Superannuation balances lag retirement needs, but you can act now

Get advice now to build a better super balance later.

Get advice now to build a better super balance later. Photo: Getty

As the superannuation system matures, many Australians expect it to deliver them a comfortable retirement. But many people are behind the eight ball in terms of achieving that reality.

The latest figures from the Association of Superannuation Funds of Australia show that to achieve a comfortable requirement at 67, a couple would need a combined super balance of $690,000 and a single balance of $595,000.

In both cases, home ownership is assumed and without that, higher balances would be needed.

Some new research from the Australian Retirement Trust (ART), the country’s second-largest super fund, sets a slightly lower target of $549,000 for a single at 65.

Target in focus

But as the chart above shows, Australians are not meeting that target and the shortfall is evident right through the average person’s working life.

However, the picture is not as glum as it seems here because the superannuation system is still far from mature.

For many people retiring now, their early years in the workforce had little superannuation and have enjoyed a super guarantee of 10 per cent or more only in the past three years.

People entering the workforce now will have a super guarantee rate of at least 12 per cent for their full working life.

Nonetheless, we need to deal with current realities and ART and ASFA figures show that many people aren’t in line to reach the target of a comfortable retirement.

Lagging balances

For example, a 45-year-old should have $213,000 in super to be on target to reach $549,000 at 65.

But the median balance for those aged between 45 and 49 in 2021 was $139,850 for a man and $96,575 for a woman so most are well behind in their race for a comfortable retirement.

Even if you take the average balance, which unlike the median is influenced by a small number of higher balances, men have $190,761 and women $96,575.

For those in the first years of retirement the median male balance is $213,986, while for a female it is $201,233.

The average balance for men is $453,075 and for women $403,038, so the better-off segments of society are getting towards the balances ASFA says will provide a comfortable retirement.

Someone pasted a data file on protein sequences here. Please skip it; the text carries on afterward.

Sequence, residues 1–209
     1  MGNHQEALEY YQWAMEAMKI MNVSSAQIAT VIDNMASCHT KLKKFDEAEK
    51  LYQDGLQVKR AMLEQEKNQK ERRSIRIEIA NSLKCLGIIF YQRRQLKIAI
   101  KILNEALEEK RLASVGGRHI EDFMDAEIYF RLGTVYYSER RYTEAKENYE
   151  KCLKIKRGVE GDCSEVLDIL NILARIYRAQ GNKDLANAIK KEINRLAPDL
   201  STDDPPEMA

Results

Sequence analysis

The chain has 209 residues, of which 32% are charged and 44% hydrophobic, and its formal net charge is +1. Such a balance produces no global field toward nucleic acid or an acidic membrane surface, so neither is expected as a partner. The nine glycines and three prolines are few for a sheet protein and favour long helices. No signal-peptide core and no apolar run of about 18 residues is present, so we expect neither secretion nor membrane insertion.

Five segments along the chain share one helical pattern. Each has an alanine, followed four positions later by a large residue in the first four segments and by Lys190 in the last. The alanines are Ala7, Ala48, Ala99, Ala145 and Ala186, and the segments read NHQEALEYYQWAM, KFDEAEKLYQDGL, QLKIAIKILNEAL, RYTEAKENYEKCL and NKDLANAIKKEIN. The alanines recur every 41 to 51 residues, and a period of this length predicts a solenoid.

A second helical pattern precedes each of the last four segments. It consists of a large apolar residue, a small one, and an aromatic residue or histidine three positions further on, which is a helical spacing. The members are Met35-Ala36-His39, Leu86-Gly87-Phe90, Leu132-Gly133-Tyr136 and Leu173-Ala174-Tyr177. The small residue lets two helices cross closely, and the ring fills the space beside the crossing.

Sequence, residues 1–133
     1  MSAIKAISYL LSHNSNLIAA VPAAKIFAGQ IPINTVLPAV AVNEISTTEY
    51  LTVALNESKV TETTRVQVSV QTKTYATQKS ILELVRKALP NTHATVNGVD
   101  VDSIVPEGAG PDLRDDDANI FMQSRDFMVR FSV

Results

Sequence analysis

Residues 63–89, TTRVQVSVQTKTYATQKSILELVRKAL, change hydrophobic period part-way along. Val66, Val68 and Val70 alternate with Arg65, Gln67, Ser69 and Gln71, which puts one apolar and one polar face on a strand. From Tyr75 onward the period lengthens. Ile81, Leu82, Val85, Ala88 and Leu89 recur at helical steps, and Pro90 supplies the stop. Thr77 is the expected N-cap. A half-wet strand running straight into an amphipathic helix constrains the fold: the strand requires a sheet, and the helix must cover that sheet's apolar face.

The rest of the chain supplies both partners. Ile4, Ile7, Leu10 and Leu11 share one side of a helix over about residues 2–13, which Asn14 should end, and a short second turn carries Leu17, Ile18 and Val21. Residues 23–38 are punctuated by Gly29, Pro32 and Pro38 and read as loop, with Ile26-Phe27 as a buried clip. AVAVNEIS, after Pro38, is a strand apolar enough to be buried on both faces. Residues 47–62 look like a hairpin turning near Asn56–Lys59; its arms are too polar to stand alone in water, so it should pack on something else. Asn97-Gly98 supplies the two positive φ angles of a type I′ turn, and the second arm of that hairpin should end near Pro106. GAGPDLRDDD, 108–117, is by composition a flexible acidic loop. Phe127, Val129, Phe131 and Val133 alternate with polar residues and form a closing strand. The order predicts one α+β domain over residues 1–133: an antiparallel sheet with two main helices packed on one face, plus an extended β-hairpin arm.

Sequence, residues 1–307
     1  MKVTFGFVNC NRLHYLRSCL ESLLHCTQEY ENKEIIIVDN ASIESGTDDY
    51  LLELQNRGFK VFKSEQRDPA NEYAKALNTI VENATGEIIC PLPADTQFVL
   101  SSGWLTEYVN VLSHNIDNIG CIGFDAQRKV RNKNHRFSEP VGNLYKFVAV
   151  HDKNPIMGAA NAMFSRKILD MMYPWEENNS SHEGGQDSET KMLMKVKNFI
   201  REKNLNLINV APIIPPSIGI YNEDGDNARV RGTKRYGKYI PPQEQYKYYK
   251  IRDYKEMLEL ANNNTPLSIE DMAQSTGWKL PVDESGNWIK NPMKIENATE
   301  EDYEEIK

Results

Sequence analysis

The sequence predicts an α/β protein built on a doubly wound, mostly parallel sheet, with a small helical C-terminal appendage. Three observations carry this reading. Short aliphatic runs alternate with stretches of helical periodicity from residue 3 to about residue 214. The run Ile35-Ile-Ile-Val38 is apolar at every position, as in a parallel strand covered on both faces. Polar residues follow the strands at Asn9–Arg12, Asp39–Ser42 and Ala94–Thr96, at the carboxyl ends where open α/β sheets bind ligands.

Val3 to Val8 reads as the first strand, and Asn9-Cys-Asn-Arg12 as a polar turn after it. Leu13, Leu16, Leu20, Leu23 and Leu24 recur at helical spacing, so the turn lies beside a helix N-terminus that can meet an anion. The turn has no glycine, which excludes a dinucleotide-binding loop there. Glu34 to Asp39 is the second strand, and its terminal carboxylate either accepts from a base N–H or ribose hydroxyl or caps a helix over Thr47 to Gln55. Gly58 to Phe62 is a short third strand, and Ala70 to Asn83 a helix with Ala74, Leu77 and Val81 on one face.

Get engaged

ASFA figures also provide a stark look at the income divide in super with those in white-collar professional and managerial jobs ending up with far more superannuation than their blue-collar contemporaries.

ART advice chief Anne Fuchs said the majority of people felt they needed more super.

“Our research found  that 70 per cent of people felt they didn’t have enough super.”

A big problem for many people was that they weren’t actively engaged with their super.

“We found 25 per cent of Australians hadn’t checked their super balance in the last year,” Fuchs said.

And if they aren’t engaged then they can’t make the sorts of decisions they need to make to improve their situation.

“The average balance of our more than 2.3 million members this month is $123,000. If they had $123,000 in cash on their dining room table, I think they would pay attention to it, and we want them to do the same with their super,” Fuchs said.

The issue is that people don’t treat super like an asset they own.

“Imagine if your super balance was your bank account, most people would have logged into it in the last week, let alone the last year,” Fuchs said.

Although paying attention to your super might be an important first step, it is not enough by itself to build a better balance.

Free advice

Most big super funds offer intra-fund advice free of charge.

“Ask for an advice appointment so they can explain what you are invested in and explore our circumstances,” Fuchs said.

This will help you review your situation – how far from retirement you are, what your risk appetite is and how much insurance you need.

That in turn could lead you to choose a higher-returning option or more appropriate and cheaper insurance cover.

Extra contributions

If you are still uncomfortable with your balance “you should consider contributing extra to super rather than just relying on your employer super contributions,” Steps Financial principal Antoinette Mullins said.

The earlier you get around to this the better.

“Adding a small amount earlier in your life can make a big difference over time due to compound interest,” Mullins said.

You don’t have to make big commitments to extra contributions if you have other calls on your income.

“Each time you get a salary increase set a little aside and if you get a bonus or a tax refund put a little away into super,” Mullins said.

If you can afford it then you can salary sacrifice, which has the effect of adding a bit more to your super every pay day.

You can also make concessional or non-concessional contributions if you get a lump sum in cash.

Remember also that if you are part of a couple, teamwork will build an easier retirement because costs are shared and both couple members contribute to super balances.

The New Daily is owned by Industry Super Holdings

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